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Copy of Identifying Linear Functions

Lesson 5.1 (pages 296-302)
by

Dianne Smith

on 30 October 2013

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Transcript of Copy of Identifying Linear Functions

Identifying Linear Functions
5.1
pg. 296
BELL RINGER
1.) What is the range of the function shown in the table?

A.) {1, 3, 5, 8}
B.) {4}
C.) {-2, 0, 2}
D.) {7}




2.) Which expression is equivalent to 2(3x - 4) - 8x + 3?
A.) 2x + 11
B.) -2x - 5
C.) 2x - 5
D.) -2x -11
x 1 3 5 8

f(x) 2 -2 0 2
VOCABULARY
A function whose graph forms a straight line
is called a
LINEAR FUNCTION
.
The equation for a linear function
is called a
LINEAR EQUATION
.
In a linear equation, the variables are never raised to any power other than the first, never multiplied by another variable, never in a denominator, and never inside another function (square root, absolute value, etc.)
Examples:
y = 2x -5
5x + 1 = y
2
20x + 25y = 15
y - 8 = 2(x -5)
IDENTIFYING BY GRAPH
Which graph(s), if any, represent linear functions:
*First, which graphs are functions? Then, which graphs are linear?

If a graph is both linear and a function, then it's a linear function.
Since these two are not functions, (they don't pass the vertical line test) they cannot be linear functions.
This graph is a function, but since it is not linear, (it's a curve not a line)
it cannot be a
linear function.
These three graphs are of linear functions. They pass the vertical line test and are functions AND they form a straight line.
IDENTIFYING BY EQUATION
Which equations, if any, represent linear functions:


3x + 2y = 10 3xy + x = 1


y = x + 3 x + y = -1


y = |x + 17| - 8 x + 6 = 12
y
3
3x + 2y = 10
y = x + 3





3xy + x = 1 x + y = -1


x + 6 = 12
y

y = |x + 17| - 8
These two are linear functions.
The variables are to the first power, they are not multiplied together, none are in a denominator, and there are no "other" functions that have the variable inside.
These NOT a linear function because variables are multiplied together.
This is NOT a linear function
because one variable is in absolute value.
This is NOT a linear function because one of the variables is in a denominator.
IDENTIFYING BY ORDERED PAIRS
Which of these is a linear function?
x y

2 4
5 3
8 2
11 1
x y

-10 10
-5 4
0 2
5 0
IDENTIFYING BY ORDERED PAIRS
First we need to identify any patterns.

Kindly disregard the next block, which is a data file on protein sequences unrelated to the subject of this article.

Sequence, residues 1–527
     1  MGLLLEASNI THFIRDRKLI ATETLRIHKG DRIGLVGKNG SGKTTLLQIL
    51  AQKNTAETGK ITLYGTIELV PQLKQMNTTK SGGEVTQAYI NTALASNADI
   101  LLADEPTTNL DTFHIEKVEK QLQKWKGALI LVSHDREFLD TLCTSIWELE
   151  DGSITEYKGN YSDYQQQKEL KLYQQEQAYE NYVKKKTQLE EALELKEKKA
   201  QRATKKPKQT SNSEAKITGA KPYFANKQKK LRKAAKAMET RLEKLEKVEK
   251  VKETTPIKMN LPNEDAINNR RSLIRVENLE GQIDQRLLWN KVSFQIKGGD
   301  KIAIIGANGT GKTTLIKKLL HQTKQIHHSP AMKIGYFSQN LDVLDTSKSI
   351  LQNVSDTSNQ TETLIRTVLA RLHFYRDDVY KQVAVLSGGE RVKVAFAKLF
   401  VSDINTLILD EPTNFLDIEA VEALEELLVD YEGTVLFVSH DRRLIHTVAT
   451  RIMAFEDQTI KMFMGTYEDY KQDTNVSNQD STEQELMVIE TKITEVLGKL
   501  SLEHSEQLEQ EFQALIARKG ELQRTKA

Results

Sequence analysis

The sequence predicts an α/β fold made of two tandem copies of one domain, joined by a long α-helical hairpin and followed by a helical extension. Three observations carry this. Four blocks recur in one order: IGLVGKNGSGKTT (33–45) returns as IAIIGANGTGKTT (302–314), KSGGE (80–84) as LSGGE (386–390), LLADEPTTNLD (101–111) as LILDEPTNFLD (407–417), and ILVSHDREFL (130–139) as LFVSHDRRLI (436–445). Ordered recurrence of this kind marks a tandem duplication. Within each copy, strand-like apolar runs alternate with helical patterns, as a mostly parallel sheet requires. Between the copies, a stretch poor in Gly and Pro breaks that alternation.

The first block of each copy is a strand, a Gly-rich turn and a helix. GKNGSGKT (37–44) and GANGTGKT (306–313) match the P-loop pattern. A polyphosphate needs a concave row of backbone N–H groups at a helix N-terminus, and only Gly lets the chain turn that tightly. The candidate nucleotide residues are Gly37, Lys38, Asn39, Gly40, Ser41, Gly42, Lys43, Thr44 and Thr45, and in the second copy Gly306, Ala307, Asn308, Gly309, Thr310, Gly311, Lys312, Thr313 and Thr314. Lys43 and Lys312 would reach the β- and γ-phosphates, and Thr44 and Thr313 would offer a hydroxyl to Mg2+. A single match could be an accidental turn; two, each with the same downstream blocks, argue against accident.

x y

2 4
5 3
8 2
11 1
x y

-10 10
-5 4
0 2
5 0
+3
+3
+3
-1
-1
-1
+5
+5
+5
-6
-2
-2
IDENTIFYING BY ORDERED PAIRS
x y

2 4
5 3
8 2
11 1
+3
+3
+3
-1
-1
-1
Since a constant change of +3 in x corresponds to a constant change
of -1 in y, these ordered pairs satisfy a linear function.
IDENTIFYING BY ORDERED PAIRS
Since a constant change of +5 in x corresponds to different changes in y (-6 and -2), these points do NOT satisfy a
linear function.
x y

-10 10
-5 4
0 2
5 0
+5
+5
+5
-6
-2
-2
IDENTIFYING BY ORDERED PAIRS
One other way to tell whether or not these are functions is to graph each of them.

If the resulting graph is a line, then it is a linear function.
x y

2 4
5 3
8 2
11 1
x y

-10 10
-5 4
0 2
5 0
APPLICATION
Sue rents a manicure station in a salon and pays the salon owner $5.50 for each manicure she gives. The amount Sue pays each day is given by f(x) = 5.50x, where x is the number of manicures. Graph this function and give its domain and range.
This problem has 3 steps:
1.) Find a reasonable domain to use.

2.) Use the chosen domain to create a table of ordered pairs.

3.) Use the ordered pairs to graph the function.
APPLICATION
Sue rents a manicure station in a salon and pays the salon owner $5.50 for each manicure she gives. The amount Sue pays each day is given by f(x) = 5.50x, where x is the number of manicures. Graph this function and give its domain and range.
Step 1: Find a reasonable domain.
Since niether the amount she pays nor the number of manicures she gives can be negative, we should use all non-negative numbers.

Let's start with 0, since it is possible for her to give 0 manicures, and from there we can count up by one. Counting from 0 to 5 should give us enough points to recognize a pattern.

Let's also remember that since no negatives are involved, when we graph we will only need to graph Quadrant I of the coordinate plane.
APPLICATION
Sue rents a manicure station in a salon and pays the salon owner $5.50 for each manicure she gives. The amount Sue pays each day is given by f(x) = 5.50x, where x is the number of manicures. Graph this function and give its domain and range.
Step 2: Create a table

0 f(0) = 5.50(0) 0
1 f(1) = 5.50(1) 5.50
2 f(2) = 5.50(2) 11.00
3 f(3) = 5.50(3) 16.50
4 f(4) = 5.50(4) 22.00
5 f(5) = 5.50(5) 27.50
x f(x) = 5.50x f(x)
APPLICATION
Sue rents a manicure station in a salon and pays the salon owner $5.50 for each manicure she gives. The amount Sue pays each day is given by f(x) = 5.50x, where x is the number of manicures. Graph this function and give its domain and range.
Step 3: Graph
*Now we have a set of
ordered pairs for step 3:
(0, 0)
(1, 5.5)
(2, 11)
(3, 16.5)
(4, 22)
(5, 27.5)
(0, 0)
(1, 5.5)
(2, 11)
(3, 16.5)
(4, 22)
(5, 27.5)
Each point in this line is a solution in the equation.

The line shows that the trend continues.
APPLICATION
Sue rents a manicure station in a salon and pays the salon owner $5.50 for each manicure she gives. The amount Sue pays each day is given by f(x) = 5.50x, where x is the number of manicures. Graph this function and give its domain and range.
We can get the domain and range
from the table or the graph, but one thing to
remember is that they both continue on...
16-20, 25-29
ASSIGNMENT
Lesson 5.1
pg. 300-301
x
y
3
D: {0, 1, 2, 3, 4, 5, ...}
R: {0, 5.5, 11, 16.5, 22, 27.5, ...}
Think about what the domain
and range represent.
What does their
continuation mean?
Why is this important?
Full transcript